Our gut microbiomes — the many bacteria, viruses and other microbes living in our digestive tracts — play important roles in our health and risk for disease in ways that are only beginning to be recognized.
University of California San Diego researchers and collaborators recently demonstrated in older men that the makeup of a person’s gut microbiome is linked to their levels of active vitamin D, a hormone important for bone health and immunity.
The study, published November 26, 2020 in
Nature Communications, also revealed a new understanding of vitamin D and how it’s typically measured.
Vitamin D can take several different forms, but standard blood tests detect only one, an inactive precursor that can be stored by the body. To use vitamin D, the body must metabolize the precursor into an active form.
“We were surprised to find that microbiome diversity — the variety of bacteria types in a person’s gut — was closely associated with active vitamin D, but not the precursor form,” said senior author
Deborah Kado, MD, director of the Osteoporosis Clinic at UC San Diego Health. “Greater gut microbiome diversity is thought to be associated with better health in general.”
Kado led the study for the National Institute on Aging-funded Osteoporotic Fractures in Men (MrOS) Study Research Group, a large, multi-site effort that started in 2000. She teamed up with Rob Knight, PhD, professor and director of the Center for Microbiome Innovation at UC San Diego, and co-first authors Robert L. Thomas, MD, PhD, fellow in the Division of Endocrinology at UC San Diego School of Medicine, and Serene Lingjing Jiang, graduate student in the Biostatistics Program at Herbert Wertheim School of Public Health and Human Longevity Sciences.
Multiple studies have suggested that people with low vitamin D levels are at higher risk for cancer, heart disease, worse COVID-19 infections and other diseases. Yet the largest randomized clinical trial to date, with more than 25,000 adults, concluded that taking vitamin D supplements has no effect on health outcomes, including heart disease, cancer or even bone health.
“Our study suggests that might be because these studies measured only the precursor form of vitamin D, rather than active hormone,” said Kado, who is also professor at UC San Diego School of Medicine and Herbert Wertheim School of Public Health. “Measures of vitamin D formation and breakdown may be better indicators of underlying health issues, and who might best respond to vitamin D supplementation.”
The team analyzed stool and blood samples contributed by 567 men participating in MrOS. The participants live in six cities around the United States, their mean age was 84 and most reported being in good or excellent health. The researchers used a technique called 16s rRNA sequencing to identify and quantify the types of bacteria in each stool sample based on unique genetic identifiers. They used a method known as LC-MSMS to quantify vitamin D metabolites (the precursor, active hormone and the breakdown product) in each participant’s blood serum.
In addition to discovering a link between active vitamin D and overall microbiome diversity, the researchers also noted that 12 particular types of bacteria appeared more often in the gut microbiomes of men with lots of active vitamin D. Most of those 12 bacteria produce butyrate, a beneficial fatty acid that helps maintain gut lining health.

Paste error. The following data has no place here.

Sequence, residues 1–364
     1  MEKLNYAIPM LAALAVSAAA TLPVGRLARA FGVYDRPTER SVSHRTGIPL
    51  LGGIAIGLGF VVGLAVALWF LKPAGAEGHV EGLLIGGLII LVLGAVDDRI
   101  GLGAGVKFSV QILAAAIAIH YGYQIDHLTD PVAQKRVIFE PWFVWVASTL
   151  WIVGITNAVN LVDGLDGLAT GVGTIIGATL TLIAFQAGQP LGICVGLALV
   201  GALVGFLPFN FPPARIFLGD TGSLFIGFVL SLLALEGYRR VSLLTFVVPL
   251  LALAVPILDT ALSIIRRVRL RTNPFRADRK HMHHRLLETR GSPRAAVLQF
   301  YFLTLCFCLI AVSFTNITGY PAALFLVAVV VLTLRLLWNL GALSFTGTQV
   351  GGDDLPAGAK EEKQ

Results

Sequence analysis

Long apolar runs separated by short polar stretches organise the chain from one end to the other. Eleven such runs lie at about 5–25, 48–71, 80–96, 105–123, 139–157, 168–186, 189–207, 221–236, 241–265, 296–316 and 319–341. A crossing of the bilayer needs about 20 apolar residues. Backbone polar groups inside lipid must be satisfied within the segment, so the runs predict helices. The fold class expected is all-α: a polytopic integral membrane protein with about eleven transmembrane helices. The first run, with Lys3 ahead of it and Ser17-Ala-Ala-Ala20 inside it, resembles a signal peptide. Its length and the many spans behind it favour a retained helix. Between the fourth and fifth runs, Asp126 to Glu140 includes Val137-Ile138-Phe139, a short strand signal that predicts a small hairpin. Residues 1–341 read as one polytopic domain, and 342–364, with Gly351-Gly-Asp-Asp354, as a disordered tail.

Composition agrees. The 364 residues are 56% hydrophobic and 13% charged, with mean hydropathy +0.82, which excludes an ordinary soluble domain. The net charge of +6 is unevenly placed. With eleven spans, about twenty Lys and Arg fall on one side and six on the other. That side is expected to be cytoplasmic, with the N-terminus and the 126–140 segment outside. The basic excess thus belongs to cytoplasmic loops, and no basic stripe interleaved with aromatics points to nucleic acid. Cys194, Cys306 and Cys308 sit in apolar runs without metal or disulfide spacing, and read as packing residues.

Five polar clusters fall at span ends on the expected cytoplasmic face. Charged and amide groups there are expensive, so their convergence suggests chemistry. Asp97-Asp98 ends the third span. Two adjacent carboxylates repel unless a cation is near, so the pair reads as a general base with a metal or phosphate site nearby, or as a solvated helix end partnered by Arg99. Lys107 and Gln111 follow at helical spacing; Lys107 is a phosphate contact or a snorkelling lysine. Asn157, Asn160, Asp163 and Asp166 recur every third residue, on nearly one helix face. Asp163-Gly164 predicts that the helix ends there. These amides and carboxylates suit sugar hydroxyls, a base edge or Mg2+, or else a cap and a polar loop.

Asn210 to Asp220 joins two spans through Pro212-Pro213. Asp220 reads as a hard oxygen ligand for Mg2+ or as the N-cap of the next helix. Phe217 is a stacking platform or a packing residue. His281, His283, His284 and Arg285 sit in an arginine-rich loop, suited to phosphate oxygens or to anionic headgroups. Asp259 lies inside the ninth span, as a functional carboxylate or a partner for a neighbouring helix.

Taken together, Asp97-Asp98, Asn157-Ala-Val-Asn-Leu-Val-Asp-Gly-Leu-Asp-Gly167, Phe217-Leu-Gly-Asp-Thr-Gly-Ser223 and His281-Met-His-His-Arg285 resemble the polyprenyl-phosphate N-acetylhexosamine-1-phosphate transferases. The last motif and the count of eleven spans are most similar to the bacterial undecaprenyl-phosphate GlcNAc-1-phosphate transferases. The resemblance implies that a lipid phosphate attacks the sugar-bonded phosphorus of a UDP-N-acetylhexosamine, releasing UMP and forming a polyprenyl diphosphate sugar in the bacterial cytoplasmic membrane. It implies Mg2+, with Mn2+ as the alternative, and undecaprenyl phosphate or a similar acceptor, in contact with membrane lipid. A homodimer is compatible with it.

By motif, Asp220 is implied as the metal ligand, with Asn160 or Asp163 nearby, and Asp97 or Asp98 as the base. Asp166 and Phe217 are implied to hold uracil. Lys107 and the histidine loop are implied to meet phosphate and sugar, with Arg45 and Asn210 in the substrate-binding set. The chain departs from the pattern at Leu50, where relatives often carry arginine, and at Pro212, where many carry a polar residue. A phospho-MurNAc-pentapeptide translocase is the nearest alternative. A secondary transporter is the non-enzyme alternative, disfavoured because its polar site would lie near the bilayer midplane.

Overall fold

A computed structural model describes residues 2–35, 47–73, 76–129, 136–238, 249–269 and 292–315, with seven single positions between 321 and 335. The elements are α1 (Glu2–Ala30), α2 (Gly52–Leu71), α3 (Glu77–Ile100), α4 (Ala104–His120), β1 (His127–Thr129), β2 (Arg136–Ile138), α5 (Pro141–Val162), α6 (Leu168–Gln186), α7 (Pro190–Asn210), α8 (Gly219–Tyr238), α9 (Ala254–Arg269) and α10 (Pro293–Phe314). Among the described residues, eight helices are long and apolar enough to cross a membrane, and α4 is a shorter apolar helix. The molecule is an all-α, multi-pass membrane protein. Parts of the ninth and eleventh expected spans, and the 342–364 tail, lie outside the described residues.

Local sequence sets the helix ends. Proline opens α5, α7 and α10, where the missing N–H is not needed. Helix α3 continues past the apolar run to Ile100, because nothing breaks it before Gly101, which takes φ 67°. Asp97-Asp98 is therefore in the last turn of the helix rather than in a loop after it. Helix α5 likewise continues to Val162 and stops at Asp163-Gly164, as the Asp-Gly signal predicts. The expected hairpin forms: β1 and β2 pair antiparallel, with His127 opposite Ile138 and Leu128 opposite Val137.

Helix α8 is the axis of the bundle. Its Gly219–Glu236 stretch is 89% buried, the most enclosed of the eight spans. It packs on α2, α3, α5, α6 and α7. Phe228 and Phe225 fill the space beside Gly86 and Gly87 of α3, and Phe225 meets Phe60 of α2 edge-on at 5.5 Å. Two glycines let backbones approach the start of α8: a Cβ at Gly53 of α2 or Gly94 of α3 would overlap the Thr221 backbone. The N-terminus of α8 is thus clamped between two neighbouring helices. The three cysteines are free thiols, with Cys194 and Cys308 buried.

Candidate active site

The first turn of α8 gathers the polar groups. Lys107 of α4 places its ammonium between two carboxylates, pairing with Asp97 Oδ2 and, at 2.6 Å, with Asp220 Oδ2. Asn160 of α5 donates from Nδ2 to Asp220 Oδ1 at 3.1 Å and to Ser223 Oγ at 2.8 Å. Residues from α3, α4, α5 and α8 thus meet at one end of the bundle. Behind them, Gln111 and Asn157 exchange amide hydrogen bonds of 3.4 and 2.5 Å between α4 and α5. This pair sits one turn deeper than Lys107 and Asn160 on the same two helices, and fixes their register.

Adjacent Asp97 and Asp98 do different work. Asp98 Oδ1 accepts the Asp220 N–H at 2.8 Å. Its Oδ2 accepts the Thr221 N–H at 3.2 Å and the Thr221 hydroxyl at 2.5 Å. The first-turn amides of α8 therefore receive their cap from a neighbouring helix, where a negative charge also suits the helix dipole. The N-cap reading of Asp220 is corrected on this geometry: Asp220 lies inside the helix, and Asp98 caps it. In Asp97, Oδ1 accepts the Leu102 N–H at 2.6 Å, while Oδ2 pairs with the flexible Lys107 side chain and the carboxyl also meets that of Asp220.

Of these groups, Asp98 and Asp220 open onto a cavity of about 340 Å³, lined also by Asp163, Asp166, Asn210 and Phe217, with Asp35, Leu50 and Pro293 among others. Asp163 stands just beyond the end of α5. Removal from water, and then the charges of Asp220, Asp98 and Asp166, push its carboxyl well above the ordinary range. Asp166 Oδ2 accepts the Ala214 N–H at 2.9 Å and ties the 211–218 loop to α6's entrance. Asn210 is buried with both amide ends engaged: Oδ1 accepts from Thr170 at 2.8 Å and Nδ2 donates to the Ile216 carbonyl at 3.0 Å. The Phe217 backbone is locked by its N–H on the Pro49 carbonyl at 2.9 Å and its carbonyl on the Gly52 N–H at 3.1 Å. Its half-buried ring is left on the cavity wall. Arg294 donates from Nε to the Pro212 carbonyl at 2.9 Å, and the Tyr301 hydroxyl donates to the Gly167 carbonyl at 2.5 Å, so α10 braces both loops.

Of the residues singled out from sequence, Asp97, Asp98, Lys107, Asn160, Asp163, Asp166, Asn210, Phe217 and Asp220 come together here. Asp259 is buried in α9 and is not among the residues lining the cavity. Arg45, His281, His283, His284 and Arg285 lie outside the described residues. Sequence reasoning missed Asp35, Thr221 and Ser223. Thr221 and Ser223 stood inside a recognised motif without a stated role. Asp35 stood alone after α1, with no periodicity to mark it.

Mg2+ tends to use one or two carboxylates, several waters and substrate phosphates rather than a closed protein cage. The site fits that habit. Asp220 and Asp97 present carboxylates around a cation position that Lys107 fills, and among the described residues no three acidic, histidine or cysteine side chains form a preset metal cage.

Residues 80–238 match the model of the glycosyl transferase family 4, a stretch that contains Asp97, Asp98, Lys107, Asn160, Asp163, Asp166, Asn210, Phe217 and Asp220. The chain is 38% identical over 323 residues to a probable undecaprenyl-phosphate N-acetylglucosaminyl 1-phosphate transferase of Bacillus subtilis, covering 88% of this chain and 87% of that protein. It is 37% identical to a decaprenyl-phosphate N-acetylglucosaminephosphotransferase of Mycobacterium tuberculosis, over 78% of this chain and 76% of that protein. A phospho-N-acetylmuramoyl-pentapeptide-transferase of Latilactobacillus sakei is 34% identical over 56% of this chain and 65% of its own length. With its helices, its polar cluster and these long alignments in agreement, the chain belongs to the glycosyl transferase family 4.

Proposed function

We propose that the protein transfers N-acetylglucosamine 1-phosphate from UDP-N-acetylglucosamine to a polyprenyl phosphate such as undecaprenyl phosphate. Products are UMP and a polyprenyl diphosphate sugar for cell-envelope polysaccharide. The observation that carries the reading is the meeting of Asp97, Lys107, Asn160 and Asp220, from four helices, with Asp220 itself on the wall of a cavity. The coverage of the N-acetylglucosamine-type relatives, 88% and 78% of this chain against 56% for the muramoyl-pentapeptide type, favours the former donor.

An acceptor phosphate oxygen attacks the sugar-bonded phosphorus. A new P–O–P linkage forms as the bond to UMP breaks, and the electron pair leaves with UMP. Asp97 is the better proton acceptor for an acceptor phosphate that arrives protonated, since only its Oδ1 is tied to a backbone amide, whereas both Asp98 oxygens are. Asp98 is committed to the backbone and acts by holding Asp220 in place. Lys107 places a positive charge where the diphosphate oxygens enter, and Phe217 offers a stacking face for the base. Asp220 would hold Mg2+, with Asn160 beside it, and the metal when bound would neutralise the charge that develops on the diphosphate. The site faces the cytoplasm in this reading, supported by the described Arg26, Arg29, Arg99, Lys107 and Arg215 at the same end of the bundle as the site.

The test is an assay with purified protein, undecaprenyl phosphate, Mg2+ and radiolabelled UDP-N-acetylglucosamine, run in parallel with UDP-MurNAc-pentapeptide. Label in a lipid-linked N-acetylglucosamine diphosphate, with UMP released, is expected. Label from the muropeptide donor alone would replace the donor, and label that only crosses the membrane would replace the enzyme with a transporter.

“Gut microbiomes are really complex and vary a lot from person to person,” Jiang said. “When we do find associations, they aren’t usually as distinct as we found here.”
Because they live in different regions of the U.S., the men in the study are exposed to differing amounts of sunlight, a source of vitamin D. As expected, men who lived in San Diego, California got the most sun, and they also had the most precursor form of vitamin D.
But the team unexpectedly found no correlations between where men lived and their levels of
active vitamin D hormone.
“It seems like it doesn’t matter how much vitamin D you get through sunlight or supplementation, nor how much your body can store,” Kado said. “It matters how well your body is able to metabolize that into active vitamin D, and maybe that’s what clinical trials need to measure in order to get a more accurate picture of the vitamin’s role in health.”
“We often find in medicine that more is not necessarily better,” Thomas added. “So in this case, maybe it’s not how much vitamin D you supplement with, but how you encourage your body to use it.”
Kado pointed out that the study relied on a single snapshot in time of the microbes and vitamin D found in participants’ blood and stool, and those factors can fluctuate over time depending on a person’s environment, diet, sleep habits, medications and more. According to the team, more studies are needed to better understand the part bacteria play in vitamin D metabolism, and to determine whether intervening at the microbiome level could be used to augment current treatments to improve bone and possibly other health outcomes.
For more information about this study, read
“Vitamin D Metabolites and the Gut Microbiome” in
Additional co-authors of the study include: John S. Adams, UCLA; Zhenjiang Zech Xu, Nanchang University; Jian Shen, Gail Ackermann, UC San Diego; Stefan Janssen, Justus-Liebig-University Gießen; Dirk Vanderschueren, KU Leuven and University Hospitals Leuven; Steven Pauwels, University Hospitals Leuven, KU Leuven, Jessa Hospital; and Eric S. Orwoll, Oregon Health & Sciences University.
Funding for this research came, in part, from the National Institutes of Health (U01AG027810, U01AG042124, U01AG042139, U01AG042140, U01AG042143, U01AG042145, U01AG042168, U01 AR066160 and UL1TR000128).